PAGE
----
Certainly, India is on a growing path. However, our economy still struggles to generate enough employment to match the eligible population. One reason is because the economic and financial institutions are not able to provide support the small and micro enterprises (SME). It seems banks are able to support only 4% of this small and micro enterprises sector. I have mentioned the significance of the small and micro enterprises in one of my previous articles: http://thekalyan.com/2014/05/29/india-should-focus-on-micro-small-and-medium-enterprises-now/
(image taken from “The Hindu”)
As per the statistics, these small and medium enterprises provide 90% of employment to decentralized manufacturing, services industries. Majorly known as “unorganized”, this sector is owned by self-employed people. Also the numbers shows that 45 per cent of GDP is contributed by this sector. Once properly recognized, trained, this sector can be of great value to our nation.
Some of the recent positive events can help SME develop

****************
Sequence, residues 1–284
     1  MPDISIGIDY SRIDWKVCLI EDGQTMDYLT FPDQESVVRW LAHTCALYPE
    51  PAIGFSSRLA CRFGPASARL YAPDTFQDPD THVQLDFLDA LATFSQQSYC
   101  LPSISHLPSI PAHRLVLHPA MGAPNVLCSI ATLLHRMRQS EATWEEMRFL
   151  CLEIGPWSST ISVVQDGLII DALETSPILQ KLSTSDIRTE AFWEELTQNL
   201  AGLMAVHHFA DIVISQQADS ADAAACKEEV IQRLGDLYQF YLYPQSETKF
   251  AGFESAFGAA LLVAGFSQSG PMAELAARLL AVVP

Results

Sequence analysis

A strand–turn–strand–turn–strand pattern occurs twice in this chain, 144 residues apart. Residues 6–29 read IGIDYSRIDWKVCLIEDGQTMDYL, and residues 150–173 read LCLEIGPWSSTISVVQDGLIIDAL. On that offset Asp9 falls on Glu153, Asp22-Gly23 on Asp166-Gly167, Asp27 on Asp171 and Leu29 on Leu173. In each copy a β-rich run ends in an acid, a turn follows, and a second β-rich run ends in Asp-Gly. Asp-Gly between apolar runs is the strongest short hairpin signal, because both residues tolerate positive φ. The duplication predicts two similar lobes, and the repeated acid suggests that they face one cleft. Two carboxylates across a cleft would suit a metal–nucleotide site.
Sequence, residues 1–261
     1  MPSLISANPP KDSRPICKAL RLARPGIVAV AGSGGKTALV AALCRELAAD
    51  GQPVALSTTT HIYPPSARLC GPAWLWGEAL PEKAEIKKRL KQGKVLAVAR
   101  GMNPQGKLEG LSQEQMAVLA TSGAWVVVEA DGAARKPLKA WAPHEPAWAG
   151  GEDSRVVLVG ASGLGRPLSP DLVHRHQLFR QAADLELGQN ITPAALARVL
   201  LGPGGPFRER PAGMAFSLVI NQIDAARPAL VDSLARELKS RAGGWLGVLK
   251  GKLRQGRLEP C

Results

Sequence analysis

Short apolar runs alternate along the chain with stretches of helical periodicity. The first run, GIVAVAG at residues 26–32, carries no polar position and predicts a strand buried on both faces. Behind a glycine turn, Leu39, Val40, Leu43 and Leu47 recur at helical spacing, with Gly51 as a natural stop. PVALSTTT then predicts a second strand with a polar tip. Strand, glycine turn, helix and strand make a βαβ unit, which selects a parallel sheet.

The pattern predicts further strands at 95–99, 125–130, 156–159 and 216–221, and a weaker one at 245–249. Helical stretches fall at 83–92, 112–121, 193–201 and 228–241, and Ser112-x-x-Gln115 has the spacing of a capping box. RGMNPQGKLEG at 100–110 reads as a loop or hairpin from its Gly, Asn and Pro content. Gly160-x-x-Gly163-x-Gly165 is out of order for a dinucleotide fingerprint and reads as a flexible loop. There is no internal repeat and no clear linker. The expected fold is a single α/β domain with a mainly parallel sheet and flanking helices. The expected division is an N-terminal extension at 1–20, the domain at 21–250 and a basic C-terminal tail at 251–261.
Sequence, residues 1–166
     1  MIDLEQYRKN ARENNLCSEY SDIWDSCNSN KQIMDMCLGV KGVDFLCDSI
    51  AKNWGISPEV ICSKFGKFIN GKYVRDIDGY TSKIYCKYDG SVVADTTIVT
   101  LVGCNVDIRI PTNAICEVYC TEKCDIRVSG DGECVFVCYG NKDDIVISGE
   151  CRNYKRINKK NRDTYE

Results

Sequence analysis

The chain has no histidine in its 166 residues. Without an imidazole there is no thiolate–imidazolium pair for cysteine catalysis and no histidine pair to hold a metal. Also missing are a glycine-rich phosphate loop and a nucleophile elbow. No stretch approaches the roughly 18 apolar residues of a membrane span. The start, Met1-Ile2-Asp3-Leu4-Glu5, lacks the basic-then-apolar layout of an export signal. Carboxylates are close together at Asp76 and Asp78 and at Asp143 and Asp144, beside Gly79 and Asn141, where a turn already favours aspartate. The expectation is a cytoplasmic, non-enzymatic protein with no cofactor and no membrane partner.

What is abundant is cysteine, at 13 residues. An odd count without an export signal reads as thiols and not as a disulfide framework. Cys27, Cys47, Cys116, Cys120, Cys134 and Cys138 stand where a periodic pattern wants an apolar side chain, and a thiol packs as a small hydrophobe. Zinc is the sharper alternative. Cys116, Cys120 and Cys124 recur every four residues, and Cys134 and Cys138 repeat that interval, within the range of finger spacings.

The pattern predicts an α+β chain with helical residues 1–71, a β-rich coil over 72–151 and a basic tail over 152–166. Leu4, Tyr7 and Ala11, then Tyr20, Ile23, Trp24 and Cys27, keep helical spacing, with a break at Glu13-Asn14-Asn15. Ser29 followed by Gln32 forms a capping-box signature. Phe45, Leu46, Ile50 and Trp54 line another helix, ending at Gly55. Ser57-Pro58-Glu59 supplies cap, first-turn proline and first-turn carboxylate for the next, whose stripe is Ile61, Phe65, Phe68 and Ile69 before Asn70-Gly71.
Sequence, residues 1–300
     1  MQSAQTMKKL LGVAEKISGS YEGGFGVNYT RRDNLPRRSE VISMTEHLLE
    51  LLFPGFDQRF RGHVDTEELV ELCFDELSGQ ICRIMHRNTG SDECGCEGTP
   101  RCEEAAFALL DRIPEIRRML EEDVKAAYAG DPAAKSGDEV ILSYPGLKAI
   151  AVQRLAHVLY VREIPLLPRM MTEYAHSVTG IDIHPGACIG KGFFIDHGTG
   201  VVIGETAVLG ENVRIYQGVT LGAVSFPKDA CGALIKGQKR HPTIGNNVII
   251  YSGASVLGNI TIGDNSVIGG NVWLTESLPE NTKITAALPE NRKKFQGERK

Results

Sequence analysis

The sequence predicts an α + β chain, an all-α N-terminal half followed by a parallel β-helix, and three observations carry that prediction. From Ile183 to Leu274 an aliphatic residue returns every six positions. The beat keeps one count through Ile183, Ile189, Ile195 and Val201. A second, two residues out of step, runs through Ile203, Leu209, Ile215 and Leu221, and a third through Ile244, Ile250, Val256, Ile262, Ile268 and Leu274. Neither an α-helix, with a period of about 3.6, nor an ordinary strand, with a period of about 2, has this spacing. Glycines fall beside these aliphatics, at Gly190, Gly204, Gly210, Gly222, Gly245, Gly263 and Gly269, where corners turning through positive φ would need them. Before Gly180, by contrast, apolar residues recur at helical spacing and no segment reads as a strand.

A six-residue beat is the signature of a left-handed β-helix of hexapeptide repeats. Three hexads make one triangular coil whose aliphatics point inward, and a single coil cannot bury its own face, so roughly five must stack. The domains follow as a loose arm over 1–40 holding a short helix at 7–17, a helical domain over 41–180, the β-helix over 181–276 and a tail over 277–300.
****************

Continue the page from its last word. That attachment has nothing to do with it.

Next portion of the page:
- Sebi has proposed that bank funding to listed SMEs. This move will give a huge boost to the SME trading platform and eases the financing needs of smaller companies. Another
- As a part of its strategy to strengthen itself in India, foreign lender DBS is now focusing on SMEs as well, typically one that has a loan requirement of Rs. 5 crore or below.
- The recent comments by Joe Hockey, Australian treasurer that SMEs can play a major role in strengthening trade ties between Australia and India has made us remind the significance of SMEs.
Well, “Make in India” initiative by our PM is majorly to improve the manufacturing areas of SME sector, we hope there will be new initiatives also taken for other areas of SMEs.